There is a cult whose hero is in our midst, a man quickly approaching the status of legend. One of the few true rock and roll stars, and yet a humble, matter-of-fact sort of guy — an honest everyman. He owns a moving company by day and plays raw and emotional country noir by night. The man regarded by many as one of the greatest voices of current rock music in our own Johnny Dowd.
Most rockers — most musicians in general — make their entrance far too early in their lifespan (see modern radio). Albums full of hardship and painful insight are released by spoiled teenagers, casting a doubting light on the authenticity of much of today’s music. Rarely and shockingly there comes along some one who delves into the time-worn and wisened recesses of his or her heart or soul and expresses something chillingly honest. Johnny Dowd kept his creative genius primarily to himself until his debut album, Wrong Side of Memphis. The album was recorded on 4-track in Dowd’s home and was released after he had already lived half a century, an age when most rockers are retired in their rocking (not rockin’) chairs, releasing their anthologies or still taking the stage as a personification of death (see Keith Richards). Dowd unexpectedly found himself atop a number of lists at the end of 1997, and he was widely hailed as a new savior of lo-fi ethics.
Although Dowd does not resemble death in the Rolling Stones sense, that’s not to say that death isn’t high on his list of subject matter. His wardrobe is predominantly black and his songs are generally dark and gothic. Dowd has restored the murder ballad style of writing once used by another Johnny in black, the legendary Johnny Cash.
The beauty of Dowd’s music is beneath the often depressive, almost morbid stories he tells. In the live setting, the he taps into an enigmatic fountain of the blues-rock tradition. We see and hear traces of early Jim Morrison, Tom Waits, Nick Cave, and Captain Beefheart. But althogether something unique and chilling occurs. He is usually joined, in the studio and live, by the unhumanly talented Brian Wilson (not the Beach Boy), who hits the skins while smultaneously controlling a bass keyboard pedal with his foot, leaving audiences wondering where the bass player is hiding. Kim Sherwood-Caso, while not running her local hair salon, provides a haunting, stoical foil to Dowd’s brooding monotone swagger. Justin Asher adds his heated and experimental guitarwork, rounding out the mainstays of the Johnny Dowd Band.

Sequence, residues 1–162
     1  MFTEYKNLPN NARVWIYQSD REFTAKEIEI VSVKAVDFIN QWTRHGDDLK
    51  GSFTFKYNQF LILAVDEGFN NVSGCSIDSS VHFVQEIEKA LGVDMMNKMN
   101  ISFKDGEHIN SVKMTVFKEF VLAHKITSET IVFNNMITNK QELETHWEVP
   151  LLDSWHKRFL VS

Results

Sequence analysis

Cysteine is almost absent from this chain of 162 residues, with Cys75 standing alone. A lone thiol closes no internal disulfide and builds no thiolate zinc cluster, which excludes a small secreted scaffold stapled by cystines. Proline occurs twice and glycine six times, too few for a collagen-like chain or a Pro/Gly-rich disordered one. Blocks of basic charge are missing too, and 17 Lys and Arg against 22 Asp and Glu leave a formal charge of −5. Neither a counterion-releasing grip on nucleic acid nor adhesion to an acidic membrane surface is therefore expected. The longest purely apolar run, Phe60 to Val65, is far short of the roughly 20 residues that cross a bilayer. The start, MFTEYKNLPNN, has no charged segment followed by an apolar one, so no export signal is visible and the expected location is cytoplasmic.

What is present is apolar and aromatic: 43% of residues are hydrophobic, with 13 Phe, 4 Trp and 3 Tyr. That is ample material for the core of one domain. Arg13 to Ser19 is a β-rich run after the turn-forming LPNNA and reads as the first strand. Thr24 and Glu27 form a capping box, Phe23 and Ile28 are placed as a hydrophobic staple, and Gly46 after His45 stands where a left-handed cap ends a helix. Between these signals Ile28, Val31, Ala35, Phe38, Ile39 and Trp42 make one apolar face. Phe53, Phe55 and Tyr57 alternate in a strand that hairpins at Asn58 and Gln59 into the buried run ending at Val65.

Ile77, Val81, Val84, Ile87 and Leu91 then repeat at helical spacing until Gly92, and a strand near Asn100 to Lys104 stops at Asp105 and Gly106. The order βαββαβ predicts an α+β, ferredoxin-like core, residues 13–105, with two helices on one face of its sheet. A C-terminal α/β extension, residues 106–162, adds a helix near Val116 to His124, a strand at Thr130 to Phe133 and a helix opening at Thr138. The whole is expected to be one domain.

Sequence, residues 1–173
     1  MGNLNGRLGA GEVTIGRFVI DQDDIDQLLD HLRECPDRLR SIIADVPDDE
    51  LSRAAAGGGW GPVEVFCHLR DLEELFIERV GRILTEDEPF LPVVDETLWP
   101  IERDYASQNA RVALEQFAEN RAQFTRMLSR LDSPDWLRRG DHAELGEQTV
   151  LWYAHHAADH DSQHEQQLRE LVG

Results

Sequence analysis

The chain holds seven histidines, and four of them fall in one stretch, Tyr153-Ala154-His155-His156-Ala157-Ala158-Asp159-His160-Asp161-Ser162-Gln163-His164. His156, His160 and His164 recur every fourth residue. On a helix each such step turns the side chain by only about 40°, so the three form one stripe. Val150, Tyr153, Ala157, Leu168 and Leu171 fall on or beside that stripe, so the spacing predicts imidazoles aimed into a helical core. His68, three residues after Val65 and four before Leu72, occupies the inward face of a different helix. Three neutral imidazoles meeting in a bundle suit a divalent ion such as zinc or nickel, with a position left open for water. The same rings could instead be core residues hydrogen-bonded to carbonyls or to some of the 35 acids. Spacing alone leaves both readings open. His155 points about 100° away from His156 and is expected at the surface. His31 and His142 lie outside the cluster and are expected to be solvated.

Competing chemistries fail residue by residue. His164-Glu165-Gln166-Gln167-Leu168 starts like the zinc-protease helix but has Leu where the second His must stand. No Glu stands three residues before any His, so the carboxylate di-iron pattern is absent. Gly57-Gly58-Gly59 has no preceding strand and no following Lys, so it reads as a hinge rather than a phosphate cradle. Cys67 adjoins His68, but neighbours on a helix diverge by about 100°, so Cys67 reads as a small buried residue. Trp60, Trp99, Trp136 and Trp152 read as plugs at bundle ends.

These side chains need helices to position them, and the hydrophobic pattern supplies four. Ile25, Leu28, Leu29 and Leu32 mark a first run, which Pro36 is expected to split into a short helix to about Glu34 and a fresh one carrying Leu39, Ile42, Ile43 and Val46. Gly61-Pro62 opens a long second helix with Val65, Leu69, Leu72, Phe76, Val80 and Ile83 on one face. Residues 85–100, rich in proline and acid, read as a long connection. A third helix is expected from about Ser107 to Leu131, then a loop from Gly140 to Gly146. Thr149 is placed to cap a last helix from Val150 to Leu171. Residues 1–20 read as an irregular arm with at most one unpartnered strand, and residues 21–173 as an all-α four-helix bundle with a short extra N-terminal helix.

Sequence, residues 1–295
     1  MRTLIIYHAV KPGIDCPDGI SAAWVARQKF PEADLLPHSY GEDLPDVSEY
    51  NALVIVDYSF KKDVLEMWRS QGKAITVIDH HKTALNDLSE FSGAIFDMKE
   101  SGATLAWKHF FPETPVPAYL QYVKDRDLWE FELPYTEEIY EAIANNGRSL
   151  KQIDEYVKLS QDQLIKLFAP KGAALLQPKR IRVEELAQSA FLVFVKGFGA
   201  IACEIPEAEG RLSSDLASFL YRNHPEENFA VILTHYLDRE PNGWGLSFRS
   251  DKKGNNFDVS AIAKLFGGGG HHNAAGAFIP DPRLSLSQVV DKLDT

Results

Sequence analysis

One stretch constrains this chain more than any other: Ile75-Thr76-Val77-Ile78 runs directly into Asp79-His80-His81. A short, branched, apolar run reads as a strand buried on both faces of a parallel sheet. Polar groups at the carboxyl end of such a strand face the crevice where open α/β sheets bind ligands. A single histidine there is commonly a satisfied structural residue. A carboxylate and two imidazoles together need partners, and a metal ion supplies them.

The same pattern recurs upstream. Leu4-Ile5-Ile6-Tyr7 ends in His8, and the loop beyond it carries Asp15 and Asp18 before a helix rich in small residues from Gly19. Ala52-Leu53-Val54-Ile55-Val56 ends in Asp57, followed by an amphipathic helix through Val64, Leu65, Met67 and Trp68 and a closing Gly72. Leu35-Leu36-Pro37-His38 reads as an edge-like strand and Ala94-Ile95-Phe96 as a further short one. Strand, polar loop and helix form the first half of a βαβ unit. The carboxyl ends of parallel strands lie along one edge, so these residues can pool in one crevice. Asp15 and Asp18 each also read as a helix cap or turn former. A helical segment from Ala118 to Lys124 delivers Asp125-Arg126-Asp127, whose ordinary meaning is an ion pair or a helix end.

Amidst his tales of sinners, retribution, homicide, and the sewers of our souls, Dowd offers priceless bits of age-earned wisdom. On “Thanksgiving Day” from Memphis he sings “Be content with your life/ It might no get any better.” That’s not the most optimistic advice, but it rings with a brutal honesty too rare in most music.
Dowd is almost cursed by critical acclaim. Dowd never craves or seeks the attention, and it is perhaps for this reason that it just comes to him. And even more telling and valuable is the attention and praise of fellow musicians. Kevin Kinsella (frontman of John Brown’s Body, whose upbeat reggae may seem far on the spectrum from Dowd’s gothic rock) proclaims an inspirational debt to his friend. “Just Like A Dog,” from his solo record, I-Town Revival, is inspired by Dowd’s song of the same name. Kinsella calls Dowd “a great lyricist” and “the real deal.” There is a nostalgiac quality for Kinsella, who recalls his early years as a musician when Dowd was just another local workin’ man with a band on the side. Neon Baptist was that band, and Dowd shared it and his trucking business with long-time friend Dave Hinkle. “Booking shows around moving dates with his trucking company — that’s the real deal,” asserts Kinsella. Kevin, like all that have the pleasure of knowing Johnny, have lost track of all the stories about him. “I was at the Tractor Barn in Seattle, and on the wall were written some of Johnny’s lyrics,” Kevin recalls. This testifies to the power of Dowd’s unpretentious honesty and almost unsettling insight.
The Johnny Dowd Band is currently touring the Midwest. His fourth studio album, The Painbroker’s Wife, should be released here in the States. Dowd claims the new collection includes “experiments with some love songs” and a funk version of “Jingle Bells.” Mr. Dowd, I’ll be listening.
Archived article by Ben Kupstas